Even if your daughter refuses professional help, you and your family should attend professional family therapy. While this may seem self-indulgent, your daughter’s addiction has had negative effects on you, your spouse, and any other loved ones who have been involved in her life. In other words, you should get professional help for yourself, your family, and your daughter who is addicted.
Remain Calm and Supportive
If you have just found out about your daughter’s drug addiction, it is important to remain calm. If you react poorly, you could create tension between yourself and your daughter – making the task of helping her that much harder. Instead, if your daughter has trusted you with information about her drug addiction, just listen to her. Let her vent for a while, allow her to feel heard and cared for, and then begin to ask her questions about her addiction. However, when asking your daughter questions about her addiction, remember not to interrogate her. Make sure that you allow her to feel safe, supported, and understood.
Additionally, it is important to remember that quitting a substance suddenly can cause severe drug withdrawals. Because of this, you should not stop your daughter from using unless there is a treatment and detox plan already in place.
Communicate with Your Spouse and Make a Plan
Your daughter’s drug addiction will challenge you and your spouse. Also, you and your spouse may begin to challenge each other. Drug-addicted daughters will stop at nothing to obtain their next high, and as parents, you will be enabling her if you allow this to happen. Situations like these can begin to put a strain on anyone’s marriage. As a result, it is essential to make an agreement with your spouse about how you will deal with this reality together.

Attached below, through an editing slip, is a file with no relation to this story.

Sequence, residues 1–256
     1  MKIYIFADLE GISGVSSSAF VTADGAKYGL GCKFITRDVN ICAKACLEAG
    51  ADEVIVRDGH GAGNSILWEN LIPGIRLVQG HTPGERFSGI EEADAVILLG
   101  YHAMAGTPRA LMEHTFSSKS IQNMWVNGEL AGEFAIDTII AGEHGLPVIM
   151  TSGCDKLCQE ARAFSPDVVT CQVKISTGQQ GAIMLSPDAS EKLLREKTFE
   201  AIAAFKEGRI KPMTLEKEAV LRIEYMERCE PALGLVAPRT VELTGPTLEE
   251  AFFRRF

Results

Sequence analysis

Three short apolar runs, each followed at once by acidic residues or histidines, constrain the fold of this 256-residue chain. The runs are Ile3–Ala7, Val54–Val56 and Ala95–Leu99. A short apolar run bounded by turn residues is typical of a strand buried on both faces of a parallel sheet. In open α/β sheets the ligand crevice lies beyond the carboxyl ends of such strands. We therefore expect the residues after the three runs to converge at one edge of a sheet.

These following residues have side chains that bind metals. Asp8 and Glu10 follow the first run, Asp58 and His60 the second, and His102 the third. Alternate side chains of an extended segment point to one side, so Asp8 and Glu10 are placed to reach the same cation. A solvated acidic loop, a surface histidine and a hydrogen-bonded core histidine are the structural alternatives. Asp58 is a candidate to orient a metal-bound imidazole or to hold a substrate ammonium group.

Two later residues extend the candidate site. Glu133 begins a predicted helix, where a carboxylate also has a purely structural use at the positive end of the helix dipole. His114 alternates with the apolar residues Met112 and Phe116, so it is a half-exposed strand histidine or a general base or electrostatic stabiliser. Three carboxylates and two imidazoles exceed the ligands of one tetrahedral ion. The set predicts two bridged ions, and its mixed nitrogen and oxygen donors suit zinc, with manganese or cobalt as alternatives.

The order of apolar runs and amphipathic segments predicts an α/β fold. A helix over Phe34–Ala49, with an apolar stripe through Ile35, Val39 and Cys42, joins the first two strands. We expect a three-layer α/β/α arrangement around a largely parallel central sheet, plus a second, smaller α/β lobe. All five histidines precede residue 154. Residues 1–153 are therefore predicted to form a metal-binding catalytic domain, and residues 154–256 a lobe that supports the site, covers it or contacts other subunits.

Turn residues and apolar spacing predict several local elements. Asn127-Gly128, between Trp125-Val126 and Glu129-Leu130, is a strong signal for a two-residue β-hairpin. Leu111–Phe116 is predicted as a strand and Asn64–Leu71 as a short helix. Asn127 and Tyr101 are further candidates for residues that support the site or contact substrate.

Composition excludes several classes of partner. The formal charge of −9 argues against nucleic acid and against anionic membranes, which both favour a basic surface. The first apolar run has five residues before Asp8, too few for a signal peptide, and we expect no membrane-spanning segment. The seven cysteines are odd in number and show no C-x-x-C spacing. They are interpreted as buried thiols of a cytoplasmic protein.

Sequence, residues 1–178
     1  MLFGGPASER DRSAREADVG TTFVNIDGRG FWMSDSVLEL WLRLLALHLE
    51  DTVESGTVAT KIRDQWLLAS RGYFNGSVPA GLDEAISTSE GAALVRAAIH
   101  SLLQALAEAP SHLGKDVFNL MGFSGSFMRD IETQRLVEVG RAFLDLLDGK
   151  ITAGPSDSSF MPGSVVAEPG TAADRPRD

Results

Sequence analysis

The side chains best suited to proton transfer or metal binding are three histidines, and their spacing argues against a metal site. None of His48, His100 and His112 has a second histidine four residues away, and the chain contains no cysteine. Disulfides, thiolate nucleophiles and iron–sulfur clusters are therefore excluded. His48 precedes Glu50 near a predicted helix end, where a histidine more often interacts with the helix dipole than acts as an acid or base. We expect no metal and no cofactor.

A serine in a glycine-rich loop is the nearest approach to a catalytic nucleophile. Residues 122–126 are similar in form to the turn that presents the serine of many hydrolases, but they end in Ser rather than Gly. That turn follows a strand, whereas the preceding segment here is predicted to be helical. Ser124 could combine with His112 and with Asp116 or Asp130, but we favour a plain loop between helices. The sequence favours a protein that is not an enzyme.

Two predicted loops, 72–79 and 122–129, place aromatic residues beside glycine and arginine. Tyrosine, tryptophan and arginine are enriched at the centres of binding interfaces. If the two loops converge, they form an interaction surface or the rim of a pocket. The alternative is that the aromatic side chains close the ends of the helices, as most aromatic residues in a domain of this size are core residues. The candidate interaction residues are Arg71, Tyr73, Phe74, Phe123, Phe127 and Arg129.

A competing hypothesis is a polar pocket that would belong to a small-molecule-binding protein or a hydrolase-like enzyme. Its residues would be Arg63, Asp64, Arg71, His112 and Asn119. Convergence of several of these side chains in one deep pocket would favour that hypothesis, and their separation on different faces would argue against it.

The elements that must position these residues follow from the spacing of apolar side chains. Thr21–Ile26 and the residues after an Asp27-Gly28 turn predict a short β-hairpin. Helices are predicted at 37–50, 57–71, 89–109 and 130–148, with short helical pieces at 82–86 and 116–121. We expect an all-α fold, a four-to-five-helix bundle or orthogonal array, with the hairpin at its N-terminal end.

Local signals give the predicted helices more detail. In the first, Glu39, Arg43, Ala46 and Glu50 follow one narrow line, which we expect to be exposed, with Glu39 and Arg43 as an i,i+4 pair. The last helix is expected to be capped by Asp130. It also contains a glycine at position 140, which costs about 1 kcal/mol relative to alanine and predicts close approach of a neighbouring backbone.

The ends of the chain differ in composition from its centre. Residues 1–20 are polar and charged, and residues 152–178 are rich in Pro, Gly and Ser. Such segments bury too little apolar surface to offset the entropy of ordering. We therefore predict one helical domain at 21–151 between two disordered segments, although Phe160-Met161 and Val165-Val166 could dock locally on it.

Things you must discuss with your spouse include:
- How you will help each other throughout this difficult time
- How to prevent blaming each other
- Sticking together on your stance with your daughter
- Researching and understanding addiction and how to help
- How you will talk to your daughter about her addiction and how you will support her
- Ways by which you can support the rest of your family during this time
- What questions do you have? Also, how will you gather more information about your daughter’s addiction?
- Will we hold an intervention?
- What are our boundaries concerning our daughter and her addiction?
When dealing with a daughter’s drug addiction, you and your spouse should have frequent conversations to discuss supporting each other and your daughter.
Treatment for Your Drug-Addicted Daughter
If you are seeking help for a loved one or drug-addicted daughter, your best option is to send her to a professional drug addiction treatment center. During addiction treatment, your daughter will learn how to deal with daily stressors while healing from the root causes of addiction. Additionally, most substance abuse treatment programs offer family addiction therapy. This can help mend any issues you and your spouse have faced due to your daughter’s drug addiction.
Contact Agape Treatment Center today for more information on our drug addiction treatment program.